Mancuso, of course, didn’t think it was realistic that “our world” could lie 35 years in the future of the 1953 movie. The implication, then, is that the dystopia is the world as it was left by the invasion. But it’s interesting to observe here that the Morthren never claim credit for the state of the Earth. If anything, they instead take it as an indictment of humanity. Later on, Mana and Malzor will reflect that humanity’s destruction of the environment is making the world more amenable to their species. If you do want to force the two seasons together into one, perhaps the key might be the central observation I made during “The Resurrection”: that their world appears to be a sort of collective neurosis. Perhaps we can posit that the season one world is, if not already collapsing, very much on the brink. But the same shared neurosis that makes humanity reluctant to acknowledge the war is also preventing them from taking a particular interest in the immanent collapse of civilization. Something, we could propose, occurs between the seasons that forces the scales from everyone’s eyes. There’s evidence in the second season that the affluent and influential still retain a very ’80s sort of lifestyle, shutting out the poverty and social disorder of the lower classes. It could well be that the first season setting was every bit as dystopian as the second, but that we too are being shielded from the worst of it. And if that stretches your suspension of disbelief too far, just consider how much of the poverty, homelessness, mental illness, exploitation and despair in your own world you choose not to see.

I used to re-watch War of the Worlds from time to time from my off-air tapes, but I don’t think I’ve done it in close to a decade now. I bought the DVDs as soon as they came out, but I’m pretty sure I haven’t watched the second season in that format. This time through has really been a revelation. The very first thing you notice switching from season 1 to season 2 is how completely different the visual texture is between seasons. Very simply put, season 1 looks and feels incredibly 1980s, and season 2 does not. I don’t know if season 2 was shot on film — that would be unusual to be sure, but it certainly has a grain to it and a depth of field I associate more with film than tape. The lighting is completely different and the visual style is far more cinematic. The hair and fashions are also radically, almost shockingly different. Suzanne is the most obvious example of this: compare her shoulder pads and big hair in “The Resurrection” to her appearance in “The Second Wave”, and it’s like night and day.

The other big revelation on this watching is just how rough-around-the-edges “The Resurrection” is. The audio is terrible. The direction is terrible. Most of the characterization is terrible. Lynda Mason Green is terrible. I don’t even know what’s going on. Everything’s working much more smoothly in “The Second Wave”, as well it should be, since these actors have a year’s worth of experience working off each other by now (Except for Adrian Paul, who, as I noted, doesn’t seem to know what the hell he’s doing here. Seriously, he acts like a 14 year old being hassled by The Man). On a purely technical level, “The Second Wave” is the superior episode, which I wasn’t expecting at all.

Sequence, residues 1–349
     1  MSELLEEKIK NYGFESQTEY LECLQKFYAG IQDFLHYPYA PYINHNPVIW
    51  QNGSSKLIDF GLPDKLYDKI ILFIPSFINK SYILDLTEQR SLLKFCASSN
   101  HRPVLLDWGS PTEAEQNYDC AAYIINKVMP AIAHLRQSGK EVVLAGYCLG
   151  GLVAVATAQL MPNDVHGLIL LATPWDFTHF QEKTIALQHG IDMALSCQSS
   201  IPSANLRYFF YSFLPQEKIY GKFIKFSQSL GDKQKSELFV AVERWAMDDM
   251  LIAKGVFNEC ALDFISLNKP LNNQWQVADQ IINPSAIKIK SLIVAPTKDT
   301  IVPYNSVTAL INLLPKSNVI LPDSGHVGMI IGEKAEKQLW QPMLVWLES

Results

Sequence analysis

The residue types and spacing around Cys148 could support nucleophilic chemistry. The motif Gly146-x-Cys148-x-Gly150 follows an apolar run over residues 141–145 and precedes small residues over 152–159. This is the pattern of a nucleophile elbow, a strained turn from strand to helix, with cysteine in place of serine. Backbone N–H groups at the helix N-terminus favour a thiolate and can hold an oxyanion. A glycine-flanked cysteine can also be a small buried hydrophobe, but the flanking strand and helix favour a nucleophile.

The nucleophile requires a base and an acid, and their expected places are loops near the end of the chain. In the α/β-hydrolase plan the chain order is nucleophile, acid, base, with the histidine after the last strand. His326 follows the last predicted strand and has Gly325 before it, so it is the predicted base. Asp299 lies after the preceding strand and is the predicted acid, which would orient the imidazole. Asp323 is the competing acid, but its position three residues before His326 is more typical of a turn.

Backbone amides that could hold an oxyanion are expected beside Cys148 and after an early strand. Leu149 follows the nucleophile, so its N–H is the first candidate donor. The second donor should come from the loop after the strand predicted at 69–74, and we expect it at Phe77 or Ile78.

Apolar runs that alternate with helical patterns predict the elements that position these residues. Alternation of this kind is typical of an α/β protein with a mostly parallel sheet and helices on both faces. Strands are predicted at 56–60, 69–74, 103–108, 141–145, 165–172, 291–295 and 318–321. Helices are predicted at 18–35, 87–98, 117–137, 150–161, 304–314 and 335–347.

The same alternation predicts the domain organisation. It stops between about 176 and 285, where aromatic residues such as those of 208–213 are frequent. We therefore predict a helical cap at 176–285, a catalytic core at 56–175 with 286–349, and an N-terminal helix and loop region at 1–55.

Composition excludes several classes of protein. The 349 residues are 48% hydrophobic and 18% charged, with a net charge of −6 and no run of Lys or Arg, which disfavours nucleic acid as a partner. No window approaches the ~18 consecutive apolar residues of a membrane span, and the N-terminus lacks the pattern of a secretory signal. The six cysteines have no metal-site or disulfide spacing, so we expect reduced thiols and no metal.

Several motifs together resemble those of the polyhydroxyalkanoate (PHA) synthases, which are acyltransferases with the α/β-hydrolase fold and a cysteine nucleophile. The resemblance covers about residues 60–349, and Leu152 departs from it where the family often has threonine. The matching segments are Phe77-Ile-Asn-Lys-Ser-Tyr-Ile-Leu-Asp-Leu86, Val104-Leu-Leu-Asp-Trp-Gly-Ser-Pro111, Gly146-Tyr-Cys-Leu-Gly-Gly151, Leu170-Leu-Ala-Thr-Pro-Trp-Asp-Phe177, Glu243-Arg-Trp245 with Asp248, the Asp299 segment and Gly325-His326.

It’s not a rout though: “The Resurrection” scores more highly on several fronts. The plot is rather more dense, with two parallel lines through much of the story as Harrison and Ironhorse follow different paths. There’s a bit of that in “The Second Wave”, with Blackwood and Kincaid following a parallel path to Ironhorse and his men at the alien stronghold, but there’s much less to it, really just a plot contrivance to allow for the rescue of Ironhorse. “The Resurrection” also spends a lot more time with the regulars, giving very rich character scenes to Harrison, Suzanne and Ironhorse (Norton gets less focus, but even he does get to introduce his wheelchair and talk about coffee). By contrast, Suzanne and Norton are barely characters in “The Second Wave”. Even Blackwood is only a minor player after his rescue at the punk club. And while Kincaid is important to the story, we don’t learn much about him yet.

You could say that’s to be expected, of course, since “The Second Wave” isn’t a pilot, no matter what contrivance I’m blogging it under. We already know Harrison, Suzanne, Ironhorse and Norton. We met them way back in “The Resurrection.” But did we? The Harrison Blackwood we met in season 1 was a weirdo academic, and kind of a jerk, and an inexplicable ladies’ man. By “The Second Wave”, he’s a grizzled ’90s anti-hero who’s comfortable with a gun. There’s nothing in the episode to suggest that he’s a scientist per se — he knows a lot about the aliens, but nothing that falls clearly outside “stuff a seasoned alien-fighter might want to learn about his enemy”. Same for Suzanne. There’s no indication of their specific roles on the team, and as the second season progresses, there won’t be very much emphasis on it. That’s definitely a black mark against the second season. The first season followed in the popular action-adventure tradition of the four-person superhero team, with each character having a clearly defined role. Ironhorse was the muscle, Suzanne the expert in biology, Harrison the expert in all other forms of science, Aquaman to stop the levees from breaching, Ma-Ti to talk to the animals (Y’know, for all the flack that the power of Heart gets, Ma-Ti’s powers allow him to communicate telepathically at a distance, manipulate animals into serving him, literally make the bad guys stop and realize they’re being jerks, and to some extent mind control people into switching sides. By contrast, the only thing the fire ring can do is act as a flame thrower, and because it’s a kids’ show, he can’t even use it to just immolate Looten Plunder and be done with it. Wheeler is the one with the useless power), and Norton the dispenser of Plot Tokens whenever the narrative gets bogged down by calling them up to tell them what the supercomputer had just churned up. There’s far less of this in the second season, and while the characters aren’t exactly fungible, their respective roles in the various episodes tend to center more around temperament than skill.